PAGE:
Fluoride is a mineral renowned for strengthening teeth helping to prevent cavities and related diseases. Since the amount of fluoride in foods can fluctuate greatly it is typically added to most public water supplies.
According to the National Library of Medicine (NLM), the amount of fluoride you need depends on your body mass (weight). Children typically need 0.5mg (500μg) per day, while adults need 3-4mg (3000-4000μg) of fluoride each day. For the adequate intake (%AI) calculations below 4mg (4000μg) was used. Since consuming too much fluoride can have ill health effects, the NLM sets the upper limit at 10mg, or 10,000μg. This is just 2.5 times the adequate intake.
Fluoride tends to get concentrated in tea, coffee, shellfish, grapes (raisins, wine, grape juice), artificial sweeteners, sodas, potatoes, flavored popsicles, baby foods, broths, stews, and hot cereals made with tap water. Of these water, tea, coffee, shellfish, potatoes, and grapes can be considered healthy. All other sources should be avoided. Further sugary or carbonated drinks can lead to more tooth decay, wiping out any good effect from the fluoride.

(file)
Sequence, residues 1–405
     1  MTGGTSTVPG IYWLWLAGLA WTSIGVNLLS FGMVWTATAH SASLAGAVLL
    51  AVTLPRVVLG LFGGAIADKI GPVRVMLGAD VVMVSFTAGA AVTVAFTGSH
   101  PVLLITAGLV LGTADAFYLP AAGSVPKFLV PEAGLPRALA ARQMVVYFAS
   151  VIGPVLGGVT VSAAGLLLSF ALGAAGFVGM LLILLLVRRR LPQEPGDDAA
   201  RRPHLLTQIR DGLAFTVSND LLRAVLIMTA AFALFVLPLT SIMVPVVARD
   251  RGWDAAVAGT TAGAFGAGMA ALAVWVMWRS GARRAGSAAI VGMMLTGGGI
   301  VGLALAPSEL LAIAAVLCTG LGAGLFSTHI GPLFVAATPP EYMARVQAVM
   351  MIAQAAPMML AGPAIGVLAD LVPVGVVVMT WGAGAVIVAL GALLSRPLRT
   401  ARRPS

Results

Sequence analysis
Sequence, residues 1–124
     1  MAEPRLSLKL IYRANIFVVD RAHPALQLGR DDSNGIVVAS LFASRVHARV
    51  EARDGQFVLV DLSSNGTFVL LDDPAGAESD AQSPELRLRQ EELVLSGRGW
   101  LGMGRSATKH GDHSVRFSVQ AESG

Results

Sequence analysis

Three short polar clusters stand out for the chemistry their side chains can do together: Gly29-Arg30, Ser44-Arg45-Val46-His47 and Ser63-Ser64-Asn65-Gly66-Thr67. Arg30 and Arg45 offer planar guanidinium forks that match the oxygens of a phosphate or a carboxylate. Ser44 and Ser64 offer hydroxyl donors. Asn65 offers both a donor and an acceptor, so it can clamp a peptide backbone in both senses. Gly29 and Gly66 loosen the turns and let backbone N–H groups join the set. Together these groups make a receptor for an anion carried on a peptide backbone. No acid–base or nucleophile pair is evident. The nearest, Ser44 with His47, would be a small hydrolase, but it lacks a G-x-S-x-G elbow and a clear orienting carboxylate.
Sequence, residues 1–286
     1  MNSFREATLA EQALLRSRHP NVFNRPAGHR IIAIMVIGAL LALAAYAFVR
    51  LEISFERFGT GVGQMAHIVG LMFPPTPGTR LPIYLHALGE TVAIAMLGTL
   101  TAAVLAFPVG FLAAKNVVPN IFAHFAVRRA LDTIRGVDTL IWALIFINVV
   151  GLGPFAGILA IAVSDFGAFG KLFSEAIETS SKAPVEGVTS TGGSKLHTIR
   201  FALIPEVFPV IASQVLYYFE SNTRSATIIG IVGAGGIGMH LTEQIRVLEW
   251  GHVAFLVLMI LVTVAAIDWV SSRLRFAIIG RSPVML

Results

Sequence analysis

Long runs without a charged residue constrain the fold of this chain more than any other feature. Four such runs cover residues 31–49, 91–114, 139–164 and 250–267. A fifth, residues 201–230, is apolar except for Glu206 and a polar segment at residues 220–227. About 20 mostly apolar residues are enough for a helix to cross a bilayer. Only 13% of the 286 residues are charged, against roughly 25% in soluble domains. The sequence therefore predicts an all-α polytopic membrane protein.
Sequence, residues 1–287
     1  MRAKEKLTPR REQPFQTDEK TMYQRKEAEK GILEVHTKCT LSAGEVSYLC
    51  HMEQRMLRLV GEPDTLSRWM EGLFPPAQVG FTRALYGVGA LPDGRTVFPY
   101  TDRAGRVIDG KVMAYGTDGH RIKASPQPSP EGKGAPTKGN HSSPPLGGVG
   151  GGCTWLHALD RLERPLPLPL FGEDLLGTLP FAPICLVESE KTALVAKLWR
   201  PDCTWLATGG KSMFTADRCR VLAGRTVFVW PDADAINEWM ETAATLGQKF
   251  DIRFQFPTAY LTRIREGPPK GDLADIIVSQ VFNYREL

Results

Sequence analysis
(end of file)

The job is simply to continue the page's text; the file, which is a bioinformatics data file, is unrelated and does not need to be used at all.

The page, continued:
For all these fluoride foods and drinks, if fluoride fortified water was used in their creation, they will have even more fluoride. Below are the top 10 sources of fluoride, for more, see the extended list of fluoride rich foods and drinks.
The amount of fluoride the tea contains will depend on the water used to prepare it. Even commercial teas sold in bottles and cans will contain some fluoride.
The amount of fluoride the wine contains will depend on the water used to prepare it.
The amount of fluoride the flavored water contains will depend on the water used to prepare it.
The amount of fluoride the coffee contains will depend on the water used to prepare it.
The amount of fluoride the soda contains will depend on the water used to prepare it.